KJ (owlmoose) wrote,

  • Mood:
  • Music:

Thoughts on the new online life

Now that I'm not figuring out how the practicalities of DW/LJ/Tumblr cross-posting will work, I figure it's time to talk about the theory, and my thoughts on how this whole mess went down.

So, to catch anyone up who isn't familiar with the situation, Tumblr removed its reply feature yesterday. The reply button's functionality was already fairly limited, but it was still a tool many people used to communicate with each other. In the announcement of the change, made a few days in advance, Tumblr staff promised that a replacement feature was coming, but they provided no ETA, and no details of how the new commenting feature was going to work. (I've heard that the new version is in the process of rolling out, but I haven't seen it yet; I'm not particularly hopeful.) Also in yesterday's update, Tumblr took away tracked tags, apparently blending them into the search feature. Unlike the end of replies, the change to tag tracking was not announced in advance. To no one's surprise, response to both decisions has so far been overwhelmingly negative.

Removing replies I understand, even if I don't agree with or like it. Tumblr's initial design and the way it has evolved over the years makes it clear that promoting conversation among its users is not the company's priority. As I've said before, Tumblr is designed to be a broadcast medium. Every aspect of its DNA encourages you to reblog and share content. If you can respond to a post without reblogging it, then the content of that post isn't being shared more widely. Given that, I'm surprised that a change like this didn't come along earlier. And although a lack of a comment field makes interaction more difficult, it's not impossible -- we can still have conversations in reblogs, awkward as that is, or in the backchannels of asks and fanmail.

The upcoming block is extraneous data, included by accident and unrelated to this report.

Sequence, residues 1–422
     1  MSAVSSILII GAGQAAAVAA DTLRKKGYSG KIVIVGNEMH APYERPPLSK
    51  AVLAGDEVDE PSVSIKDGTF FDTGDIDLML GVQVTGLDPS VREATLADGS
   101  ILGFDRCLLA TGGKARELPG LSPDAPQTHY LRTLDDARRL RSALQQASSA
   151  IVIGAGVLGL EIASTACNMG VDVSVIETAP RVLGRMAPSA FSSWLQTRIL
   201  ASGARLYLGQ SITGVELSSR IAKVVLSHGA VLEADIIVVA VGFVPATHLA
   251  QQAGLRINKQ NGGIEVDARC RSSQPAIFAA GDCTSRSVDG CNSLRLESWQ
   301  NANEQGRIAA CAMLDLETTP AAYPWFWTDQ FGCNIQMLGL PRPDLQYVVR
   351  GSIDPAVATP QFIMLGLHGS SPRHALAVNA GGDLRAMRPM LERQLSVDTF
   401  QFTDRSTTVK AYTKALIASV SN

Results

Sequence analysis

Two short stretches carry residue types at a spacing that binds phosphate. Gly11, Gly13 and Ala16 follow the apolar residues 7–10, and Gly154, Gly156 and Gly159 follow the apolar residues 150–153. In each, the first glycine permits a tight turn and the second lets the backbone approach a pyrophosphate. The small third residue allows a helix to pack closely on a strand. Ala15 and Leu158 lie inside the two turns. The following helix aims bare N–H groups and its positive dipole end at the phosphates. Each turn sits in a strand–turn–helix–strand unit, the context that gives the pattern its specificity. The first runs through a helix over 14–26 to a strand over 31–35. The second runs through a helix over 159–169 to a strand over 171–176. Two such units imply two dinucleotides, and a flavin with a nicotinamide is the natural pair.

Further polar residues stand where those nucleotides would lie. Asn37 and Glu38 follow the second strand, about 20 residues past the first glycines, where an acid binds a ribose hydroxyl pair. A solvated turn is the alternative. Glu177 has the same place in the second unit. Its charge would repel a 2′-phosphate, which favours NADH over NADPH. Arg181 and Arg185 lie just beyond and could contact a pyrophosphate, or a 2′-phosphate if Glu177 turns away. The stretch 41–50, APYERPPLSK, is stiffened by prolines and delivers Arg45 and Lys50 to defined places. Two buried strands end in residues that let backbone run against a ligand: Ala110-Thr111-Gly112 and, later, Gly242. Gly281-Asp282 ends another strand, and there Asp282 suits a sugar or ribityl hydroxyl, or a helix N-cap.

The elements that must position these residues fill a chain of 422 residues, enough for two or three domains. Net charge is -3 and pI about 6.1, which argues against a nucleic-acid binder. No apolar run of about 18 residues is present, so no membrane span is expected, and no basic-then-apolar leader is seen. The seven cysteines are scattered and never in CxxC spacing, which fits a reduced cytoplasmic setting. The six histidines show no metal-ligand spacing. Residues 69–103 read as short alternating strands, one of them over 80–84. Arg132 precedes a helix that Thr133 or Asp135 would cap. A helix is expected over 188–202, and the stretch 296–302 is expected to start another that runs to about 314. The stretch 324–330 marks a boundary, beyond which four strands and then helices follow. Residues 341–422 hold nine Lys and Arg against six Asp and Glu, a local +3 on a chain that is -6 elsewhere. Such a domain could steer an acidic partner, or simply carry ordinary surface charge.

Removing tracked tags makes a lot less sense to me, and in the long run I think it will be more damaging to Tumblr, especially as a platform for fandom. Tracking tags was one of the easiest way to find new content, particularly content relating to smaller fandoms, less popular characters and 'ships. You can't count on the people who follow you to reblog everything that might possibly be of interest. Whenever I discovered a new show, book, or game that I wanted to talk about, the first thing I would do is check the tags. Tracked tags are also by far the best way to find content for an f-yeah blog.Tumblr's search feature has never been very good, and the results tend to be heavily weighted toward posts with more notes. In short, tracked tags have many uses, and abandoning them in favor of search has no logic to it that I can see. I would think that Tumblr has an interest in its users being able to find and share new content, so why make it more difficult? The real problem, though, is on the posting side. If it becomes too difficult to find new content, those posts will never be seen, and the users who post them will never receive the likes, reblogs, and other interactions that are so necessarily for fandom to thrive. Remove that incentive to post, and people will start leaving for greener pastures.

I don't expect the mass exodus to start anytime soon -- people have already devoted quite a bit of effort into fixing these problems. Enough folks are committed to making this platform work for fandom, even though it's proven itself a poor fit again and again. And it's not a poor fit in all ways. Tumblr remains the best platform for viewing and sharing fanart, videos, gifs, and other primarily visual media. It's also good for liveblogging, and for sharing random thoughts that are too long for Twitter but don't feel substantial enough to post on a journal. I have no intention of abandoning Tumblr entirely.

But as far as longer form posts go, including both meta and fic, I think the time has come for me to move primarily back to DW. I've wanted to do this for awhile, and this crosspost feature is the tool I needed to take the plunge.

Not everyone is going to want to migrate to DW. I totally get that. If DW was the platform that fandom wanted, they would have come here in the first place, rather than fleeing to Tumblr when LJ finally became unworkable. And if any of you want to continue to comment only on Tumblr, that's part of the reason I'm crossposting entire entries rather than just links. (I also always have Anon and OpenID commenting enabled, so there's no need to create an account to comment here.) But if you're at all willing to give DW a try, I hope you do.

This entry is also posted at http://owlmoose.dreamwidth.org/721006.html. There are currently comment count unavailable comments on DW.
Tags: fandom, internets, meta

  • Post a new comment


    Anonymous comments are disabled in this journal

    default userpic

    Your reply will be screened

    Your IP address will be recorded